Libertarian socialists believe that all social bonds should be developed by individuals who have an equal amount of bargaining power, that an accumulation of economic power in the hands of a few and the centralization of political power both reduce the bargaining power—and thus the liberty of the other individuals in society. To put it another way, capitalist (and right-libertarian) principles lead to the concentration of economic power in the hands of those who end up owning the most capital. Libertarian socialism aims to distribute power, and thus freedom, more equally amongst members of society. A key difference between libertarian socialism and right-wing libertarianism is that advocates of the former generally believe that one's degree of freedom is affected by one's economic and social status, whereas advocates of the latter believe that freedom is essentially freedom of choice, or freedom of action. They would argue that even a poor, low-status individual is entirely free in a libertarian society in the sense that he has complete freedom to do whatever he chooses with those possessions and resources which he has.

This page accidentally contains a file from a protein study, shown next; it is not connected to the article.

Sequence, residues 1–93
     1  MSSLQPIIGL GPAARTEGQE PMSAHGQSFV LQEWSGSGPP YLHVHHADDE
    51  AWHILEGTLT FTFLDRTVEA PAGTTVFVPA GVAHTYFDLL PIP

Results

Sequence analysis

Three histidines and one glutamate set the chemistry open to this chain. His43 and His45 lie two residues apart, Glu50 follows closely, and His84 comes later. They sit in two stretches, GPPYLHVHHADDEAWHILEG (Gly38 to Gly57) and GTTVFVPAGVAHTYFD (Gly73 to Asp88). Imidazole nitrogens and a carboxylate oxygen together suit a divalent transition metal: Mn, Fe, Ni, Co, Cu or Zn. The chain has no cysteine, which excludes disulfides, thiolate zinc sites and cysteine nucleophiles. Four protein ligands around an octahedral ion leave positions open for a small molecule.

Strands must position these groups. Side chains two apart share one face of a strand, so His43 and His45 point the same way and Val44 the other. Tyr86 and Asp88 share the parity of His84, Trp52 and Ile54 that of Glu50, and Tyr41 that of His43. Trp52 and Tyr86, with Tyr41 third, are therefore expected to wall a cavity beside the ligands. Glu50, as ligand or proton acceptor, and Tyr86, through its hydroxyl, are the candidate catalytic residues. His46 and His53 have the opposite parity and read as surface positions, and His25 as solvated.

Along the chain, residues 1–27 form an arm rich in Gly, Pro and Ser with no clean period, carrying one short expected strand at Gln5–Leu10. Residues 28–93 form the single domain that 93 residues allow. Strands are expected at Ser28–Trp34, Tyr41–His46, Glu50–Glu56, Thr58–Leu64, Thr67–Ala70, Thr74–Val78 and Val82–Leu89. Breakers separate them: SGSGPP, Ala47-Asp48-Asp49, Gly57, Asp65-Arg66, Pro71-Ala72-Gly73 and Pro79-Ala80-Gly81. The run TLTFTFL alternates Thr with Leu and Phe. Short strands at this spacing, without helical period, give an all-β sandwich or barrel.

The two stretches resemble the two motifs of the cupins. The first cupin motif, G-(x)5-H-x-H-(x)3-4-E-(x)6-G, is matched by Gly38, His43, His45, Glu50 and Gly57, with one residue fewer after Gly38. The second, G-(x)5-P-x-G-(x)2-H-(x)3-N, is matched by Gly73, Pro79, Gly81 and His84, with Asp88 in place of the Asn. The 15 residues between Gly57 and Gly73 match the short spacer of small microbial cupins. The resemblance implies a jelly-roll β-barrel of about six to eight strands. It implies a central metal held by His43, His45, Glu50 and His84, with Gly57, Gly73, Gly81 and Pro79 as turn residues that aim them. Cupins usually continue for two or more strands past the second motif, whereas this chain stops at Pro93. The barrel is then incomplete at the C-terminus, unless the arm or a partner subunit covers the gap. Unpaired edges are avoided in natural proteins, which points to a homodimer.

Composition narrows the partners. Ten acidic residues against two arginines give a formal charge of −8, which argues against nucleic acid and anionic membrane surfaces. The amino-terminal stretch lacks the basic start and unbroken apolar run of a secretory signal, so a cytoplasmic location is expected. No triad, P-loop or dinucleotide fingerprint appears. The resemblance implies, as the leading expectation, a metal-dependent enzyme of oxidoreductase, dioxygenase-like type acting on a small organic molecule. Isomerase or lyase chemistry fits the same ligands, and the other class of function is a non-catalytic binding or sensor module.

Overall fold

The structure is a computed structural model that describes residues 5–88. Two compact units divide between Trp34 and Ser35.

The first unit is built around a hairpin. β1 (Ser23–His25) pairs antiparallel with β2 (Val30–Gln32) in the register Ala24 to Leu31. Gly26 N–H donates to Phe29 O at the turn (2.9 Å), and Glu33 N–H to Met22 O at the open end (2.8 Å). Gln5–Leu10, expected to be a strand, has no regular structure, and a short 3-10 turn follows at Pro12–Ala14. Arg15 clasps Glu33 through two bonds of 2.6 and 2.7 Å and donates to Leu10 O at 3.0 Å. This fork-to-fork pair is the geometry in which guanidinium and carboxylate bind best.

Libertarian socialists believe if freedom is valued, then society must work towards a system in which individuals have the power to decide economic issues along with political issues. Libertarian socialists seek to replace unjustified authority with direct democracy and voluntary federation in all aspects of life, including physical communities and economic enterprises.

Like other socialists, libertarian socialists believe that objects should be held communally and controlled democratically; the only exception being personal possessions. Whereas "private property" grants an individual exclusive control over a thing whether it is in use or not, "possession" grants no rights to things that are not in use. A property title grants owners the right to withhold his property from others, or, if he desires, to require payment from those who wish to use it. "Possession," on the other hand, is not compatible with this form of "exploitation" or "extortion". Possession amounts to the right to use, rather than own, for oneself.

[edit] Opposition to the State